The municipal authorities of Berlin granted the foundation of a free university and requested the opening for the coming winter semester 1948/49. Meanwhile, the students committee in the German Democratic Republic protested against the formation, the GDR described the new university as the "so-called free university" in official documents until the fall of the Berlin Wall; the council-manager government accepted the by-law on 4 November 1948. The by-law achieved prominence under its alias "the Berlin model": The university was founded as a statutory corporation and was not directly subjected to the state, as it was controlled by a supervisory board consisting of six representatives of the state of Berlin, three representatives of the university and students; this form was unique in Germany at that time, as the students had much more influence on the system than before. But until the 1970s, the involvement of the students in the committees was cut back while adapting to the model of the western German universities in order to be recognized as an equivalent university.
On 15 November 1948, the first lectures were held in the buildings of the Kaiser Wilhelm Society for the Advancement of Science. The actual foundation took place on 4 December 1948 in the Titania palace, the film theater with the biggest hall available in the western sectors of Berlin. Attendants of the event were not only scientists and students, but representatives of American universities, among them Stanford University and Yale University; the first elected president of the FU Berlin was the historian Friedrich Meinecke. By 1949, Free University had registered 4,946 students; until the construction of the Berlin Wall in 1961, many students came from the soviet sector supported through the "Währungsstipendium" of the senate. On 26 June 1963, the same day he held his famous Ich bin ein Berliner speech at Rathaus Schöneberg, John F. Kennedy was awarded honorary citizen by the Free University and held a ceremonial speech in front of the Henry Ford building in which he addressed the future of Berlin and Germany under the consideration of the motto of the FU.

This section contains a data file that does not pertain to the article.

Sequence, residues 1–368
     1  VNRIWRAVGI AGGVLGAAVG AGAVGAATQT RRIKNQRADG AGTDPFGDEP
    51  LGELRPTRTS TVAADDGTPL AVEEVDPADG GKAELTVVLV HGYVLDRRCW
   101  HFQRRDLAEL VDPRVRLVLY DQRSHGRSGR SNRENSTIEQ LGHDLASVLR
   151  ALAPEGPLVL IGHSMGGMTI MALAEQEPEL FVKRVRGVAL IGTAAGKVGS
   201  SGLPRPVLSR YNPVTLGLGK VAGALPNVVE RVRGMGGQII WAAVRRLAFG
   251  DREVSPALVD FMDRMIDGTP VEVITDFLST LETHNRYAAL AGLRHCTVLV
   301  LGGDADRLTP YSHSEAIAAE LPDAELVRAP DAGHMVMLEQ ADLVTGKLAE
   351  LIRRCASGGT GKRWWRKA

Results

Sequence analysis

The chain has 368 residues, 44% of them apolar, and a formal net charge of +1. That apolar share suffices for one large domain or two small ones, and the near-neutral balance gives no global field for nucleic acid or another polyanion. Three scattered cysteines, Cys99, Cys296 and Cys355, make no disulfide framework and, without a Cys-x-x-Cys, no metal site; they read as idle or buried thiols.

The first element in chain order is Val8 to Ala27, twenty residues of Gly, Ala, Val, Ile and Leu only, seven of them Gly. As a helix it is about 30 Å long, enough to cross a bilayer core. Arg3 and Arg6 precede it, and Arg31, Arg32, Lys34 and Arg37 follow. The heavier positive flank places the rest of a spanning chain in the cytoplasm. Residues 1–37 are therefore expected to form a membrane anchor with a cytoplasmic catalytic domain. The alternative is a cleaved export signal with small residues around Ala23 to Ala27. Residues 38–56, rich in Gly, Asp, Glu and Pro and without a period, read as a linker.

Amongst the attendant crowd are the Governing Mayor of Berlin Willy Brandt and the Chancellor of Germany Konrad Adenauer. His brother, Robert F. Kennedy visited the university in 1962 for the first time and in June 1964 for receiving his honorary degree from the Department of Philosophy; the speech he held at the event was dedicated to John F. Kennedy, assassinated just the year before. In the late 1960s, Free University of Berlin was one of the main scenes of the German student movement of 68 as a reaction to the global student protests during that time. After the assassination of student Benno Ohnesorg and the attempt on Rudi Dutschke's life, protests escalated to violence in all of Germany; the events of the 68-movement provided the impulse for more openness and democracy in German society. During the 1970s and the 1980s, the university became a "Massenuniversität" with 50,298 registered students in 1983. After reunification, Free University of Berlin was the second largest university in Germany with 62,072 students in the winter te
University of California, Berkeley